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Queen Victoria - Death of Albert and Its Aftermath

Victoria and Albert needed privacy and found a wonderful getaway on the Isle of Wight.  Albert redesigned Osborne House, and Victoria loved the home for the rest of her life.  

With a private beach, where the family could swim and boat, Victoria and Albert spent their birthdays on the island.  It was a great place to relax.

Then, in 1861, Victoria had an annus horribilius (as Elizabeth II once described her "horrible year" of 1992).  In March, the Queen's mother died.  Soon after, Albert became sick - likely with typhus.  Unbelievably, the diagnosis was kept from them.

On the 14th of December, Victoria realized that her husband was nearing the end of his life.  When he died, at the age of 42, he was babbling about green fields.

After Albert died, nothing was ever the same for Victoria.  Absolutely devastated, she appeared calm, initially.  Soon, however, she observed: 

My life as a happy one is ended.  The world is gone for me.

Descending into the world of the chronically bereaved, Victoria did not appear in public.  The depressed Queen instructed her staff to keep her husband's rooms exactly as he had left them.  Soon rumors circulated that Her Majesty was going mad.

For the next thirteen years, Victoria saw little of her ministers or her people:  

  • She refused to open Parliament, and her subjects were getting annoyed with her. 
  • Even though she was wallowing in grief, she refused to give up the throne. 
  • She also refused to allow her son, Edward, to share power. 

Posters started appearing in London, noting that Buckingham Palace was available "To Let."

Feeling most comfortable at Osborne House, Victoria escaped daily scrutiny by spending time on the Isle of Wight.  Gladstone, when he was Prime Minister, called Osborne House "the Great Enemy."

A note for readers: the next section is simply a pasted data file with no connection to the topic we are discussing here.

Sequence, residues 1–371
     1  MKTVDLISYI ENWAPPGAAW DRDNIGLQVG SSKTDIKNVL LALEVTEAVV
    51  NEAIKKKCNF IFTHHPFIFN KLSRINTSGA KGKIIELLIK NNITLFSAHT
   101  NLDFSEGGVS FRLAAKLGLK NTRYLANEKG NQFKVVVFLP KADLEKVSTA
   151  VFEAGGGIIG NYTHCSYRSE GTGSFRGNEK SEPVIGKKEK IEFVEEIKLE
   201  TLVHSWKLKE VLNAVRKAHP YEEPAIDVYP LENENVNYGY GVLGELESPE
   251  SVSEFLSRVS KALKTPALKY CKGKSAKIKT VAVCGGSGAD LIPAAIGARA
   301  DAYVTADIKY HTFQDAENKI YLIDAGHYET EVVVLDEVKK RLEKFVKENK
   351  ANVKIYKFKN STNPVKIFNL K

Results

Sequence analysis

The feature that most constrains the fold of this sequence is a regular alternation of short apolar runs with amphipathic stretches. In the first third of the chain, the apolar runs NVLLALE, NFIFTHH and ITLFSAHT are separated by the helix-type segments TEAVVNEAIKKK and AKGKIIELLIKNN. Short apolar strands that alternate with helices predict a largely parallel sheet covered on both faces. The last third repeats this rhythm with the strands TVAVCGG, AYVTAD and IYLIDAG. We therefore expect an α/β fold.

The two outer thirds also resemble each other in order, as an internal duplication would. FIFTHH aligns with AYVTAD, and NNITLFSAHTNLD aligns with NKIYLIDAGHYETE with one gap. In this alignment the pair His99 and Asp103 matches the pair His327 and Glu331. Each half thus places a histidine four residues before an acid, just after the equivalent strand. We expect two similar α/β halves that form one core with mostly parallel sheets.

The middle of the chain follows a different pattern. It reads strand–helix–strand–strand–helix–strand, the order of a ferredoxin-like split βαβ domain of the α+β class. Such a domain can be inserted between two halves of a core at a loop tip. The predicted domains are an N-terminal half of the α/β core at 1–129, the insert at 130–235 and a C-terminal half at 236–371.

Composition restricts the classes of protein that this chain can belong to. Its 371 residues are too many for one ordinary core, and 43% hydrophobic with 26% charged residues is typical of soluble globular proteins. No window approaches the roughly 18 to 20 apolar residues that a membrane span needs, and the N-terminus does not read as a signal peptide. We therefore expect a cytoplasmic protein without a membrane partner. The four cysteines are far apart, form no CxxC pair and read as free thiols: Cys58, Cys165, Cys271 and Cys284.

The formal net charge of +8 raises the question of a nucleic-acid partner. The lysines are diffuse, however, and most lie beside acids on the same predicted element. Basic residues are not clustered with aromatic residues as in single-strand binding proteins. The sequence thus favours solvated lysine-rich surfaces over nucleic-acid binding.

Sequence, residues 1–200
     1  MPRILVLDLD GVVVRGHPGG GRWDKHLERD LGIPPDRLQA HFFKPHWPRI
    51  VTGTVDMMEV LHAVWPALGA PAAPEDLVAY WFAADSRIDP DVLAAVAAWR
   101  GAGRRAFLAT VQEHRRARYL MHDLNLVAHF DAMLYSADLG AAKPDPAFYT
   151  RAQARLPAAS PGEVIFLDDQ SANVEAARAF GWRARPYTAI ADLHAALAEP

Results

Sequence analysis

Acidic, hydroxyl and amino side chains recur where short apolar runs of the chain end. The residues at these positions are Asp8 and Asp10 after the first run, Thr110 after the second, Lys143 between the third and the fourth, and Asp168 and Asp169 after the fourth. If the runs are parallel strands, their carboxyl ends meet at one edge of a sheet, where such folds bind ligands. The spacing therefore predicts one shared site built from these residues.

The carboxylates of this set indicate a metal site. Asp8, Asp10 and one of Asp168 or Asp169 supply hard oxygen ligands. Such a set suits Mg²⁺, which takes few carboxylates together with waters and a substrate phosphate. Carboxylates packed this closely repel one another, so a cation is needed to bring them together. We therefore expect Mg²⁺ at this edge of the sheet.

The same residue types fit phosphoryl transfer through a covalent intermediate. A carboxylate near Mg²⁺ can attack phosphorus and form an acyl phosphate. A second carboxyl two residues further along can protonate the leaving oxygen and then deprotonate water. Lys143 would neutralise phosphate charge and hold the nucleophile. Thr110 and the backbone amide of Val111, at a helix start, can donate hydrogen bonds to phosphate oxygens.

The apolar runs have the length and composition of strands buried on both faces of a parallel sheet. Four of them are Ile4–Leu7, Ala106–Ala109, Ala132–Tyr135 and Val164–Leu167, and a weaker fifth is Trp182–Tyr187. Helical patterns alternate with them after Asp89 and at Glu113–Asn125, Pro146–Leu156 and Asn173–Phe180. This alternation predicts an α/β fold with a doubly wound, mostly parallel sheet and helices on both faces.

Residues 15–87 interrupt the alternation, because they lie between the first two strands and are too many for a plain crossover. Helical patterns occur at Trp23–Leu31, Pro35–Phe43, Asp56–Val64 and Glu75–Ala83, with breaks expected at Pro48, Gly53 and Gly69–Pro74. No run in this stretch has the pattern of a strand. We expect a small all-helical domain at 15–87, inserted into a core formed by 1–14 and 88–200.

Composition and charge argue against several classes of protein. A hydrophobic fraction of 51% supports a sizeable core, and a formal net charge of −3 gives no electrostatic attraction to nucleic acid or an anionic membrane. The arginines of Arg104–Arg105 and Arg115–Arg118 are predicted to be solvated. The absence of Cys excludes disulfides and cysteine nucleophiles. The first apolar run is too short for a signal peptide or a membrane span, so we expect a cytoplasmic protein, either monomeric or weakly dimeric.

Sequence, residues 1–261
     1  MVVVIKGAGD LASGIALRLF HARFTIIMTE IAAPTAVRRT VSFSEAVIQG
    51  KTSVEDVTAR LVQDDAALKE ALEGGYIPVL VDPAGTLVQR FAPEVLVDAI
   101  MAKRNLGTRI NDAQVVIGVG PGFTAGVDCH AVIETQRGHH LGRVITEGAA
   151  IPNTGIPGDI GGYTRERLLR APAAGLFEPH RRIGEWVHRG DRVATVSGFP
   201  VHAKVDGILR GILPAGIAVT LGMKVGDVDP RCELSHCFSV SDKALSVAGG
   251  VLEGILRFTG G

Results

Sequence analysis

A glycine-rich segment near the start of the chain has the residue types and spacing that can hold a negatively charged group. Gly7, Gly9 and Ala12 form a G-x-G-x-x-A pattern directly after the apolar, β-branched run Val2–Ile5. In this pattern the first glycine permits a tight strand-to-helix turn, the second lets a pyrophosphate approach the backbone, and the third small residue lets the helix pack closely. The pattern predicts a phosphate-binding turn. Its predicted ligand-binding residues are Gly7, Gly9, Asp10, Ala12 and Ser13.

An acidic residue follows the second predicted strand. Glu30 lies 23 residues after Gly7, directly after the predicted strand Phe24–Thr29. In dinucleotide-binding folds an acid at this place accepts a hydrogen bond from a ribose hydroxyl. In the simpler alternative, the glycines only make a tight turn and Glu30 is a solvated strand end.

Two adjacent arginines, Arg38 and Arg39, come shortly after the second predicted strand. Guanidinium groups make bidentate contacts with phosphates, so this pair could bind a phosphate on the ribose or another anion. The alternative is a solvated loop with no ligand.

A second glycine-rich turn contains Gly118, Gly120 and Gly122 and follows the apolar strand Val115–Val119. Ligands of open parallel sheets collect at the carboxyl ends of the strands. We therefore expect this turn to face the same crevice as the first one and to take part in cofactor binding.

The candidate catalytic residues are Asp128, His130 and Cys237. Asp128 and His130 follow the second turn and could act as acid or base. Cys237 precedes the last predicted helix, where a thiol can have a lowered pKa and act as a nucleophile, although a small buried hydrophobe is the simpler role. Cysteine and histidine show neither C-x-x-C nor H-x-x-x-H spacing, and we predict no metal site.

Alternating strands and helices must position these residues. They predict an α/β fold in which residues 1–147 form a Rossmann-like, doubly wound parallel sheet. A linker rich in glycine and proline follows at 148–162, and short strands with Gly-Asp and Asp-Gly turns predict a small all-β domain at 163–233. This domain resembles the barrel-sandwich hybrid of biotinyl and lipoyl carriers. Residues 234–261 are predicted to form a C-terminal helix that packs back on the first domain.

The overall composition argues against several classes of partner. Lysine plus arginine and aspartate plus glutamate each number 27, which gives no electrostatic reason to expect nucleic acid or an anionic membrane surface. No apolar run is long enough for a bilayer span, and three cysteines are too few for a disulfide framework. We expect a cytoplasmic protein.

One of the Queen's servants - John Brown - also became her protector.  Intensely loyal to Victoria, Brown had a familiar tone with visiting ministers which they detested.  

Even though the Queen didn't make it easy for her ministers, they had to work around her eccentricities.  Benjamin Disraeli observed that he was always cold when he attended her at home.  (The Queen didn’t like heated houses.)   It was Disraeli, however, who finally found a way to re-engage Victoria in public life.

The answer, as it happens, was India.  Victoria grew to love her new title, "Empress of India."

The Queen was still "Empress of India" when she suffered a series of strokes during late January of 1901. She died on January 22 of that year, at the age of 81. 

To mark her death, The Economist said this (among other things) about the long-reigning Queen:

There have been but few good Queens Regnant in modern Europe, and of these few Isabella of Castile was a priest-ridden bigot, Elizabeth of England was often a tyrant, Queen Mary of the Revolution was false to her filial duty, Queen Anne was as much the slave of her ill-chosen friends as kings have often been of their mistresses, Maria Theresa nearly ruined Europe by her vindictiveness.

Queen Victoria stands out alone without a blemish as a Sovereign, without a disqualification for reigning, the only one whom, for the last thirty years of her life, her millions of subjects, the conquerors and the conquered alike, would have chosen by plebiscite to occupy the throne. Their depth of sorrow at her death—a sorrow curiously increased by a sense of surprise, as if they had expected a lady of eighty-two to be some-how exempted from mortality—is amply justified.

They will never see such a Sovereign again, and it is not a reign, but an era, which closes with her life. (Economist, published 26 January 1901.)

When she died, her son Edward and her grandson Emperor Wilhelm II (of Germany) were at her bedside. She left very specific instructions on the items which she wanted placed in her coffin. The BBC tells us what they were:

She requested that Albert's dressing gown and a plaster cast of his hand be placed in her coffin. She also asked for a lock of John Brown's hair and his picture to be put in her hand. Lastly she left orders that Abdul Karim be among the principal mourners at her funeral. She was an indomitable monarch who, even at the end, was adept at getting her own way. (See "The end of the Victoria age," the last entry of the BBC's "iWonder" story on "Queen Victoria: The woman who redefined Britain's monarchy.")

After Victoria's death, her son became King Edward VII.

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Author: Carole D. Bos, J.D. 5156stories and lessons created

Original Release: May 27, 2013

Updated Last Revision: Jan 01, 2017


Media Credits

Clip from Kings and Queens - Victoria, 1837 - 1901 (2002).  Online, via BBC and YouTube.  Copyright, 2 Entertain Video, all rights reserved.  Clip provided here as fair use for educational purposes and to acquaint new viewers with the series.

Narrator:
Nigel Spivey

Series producer:
Marion Milne

Director and Producer:
Michael Waterhouse

 

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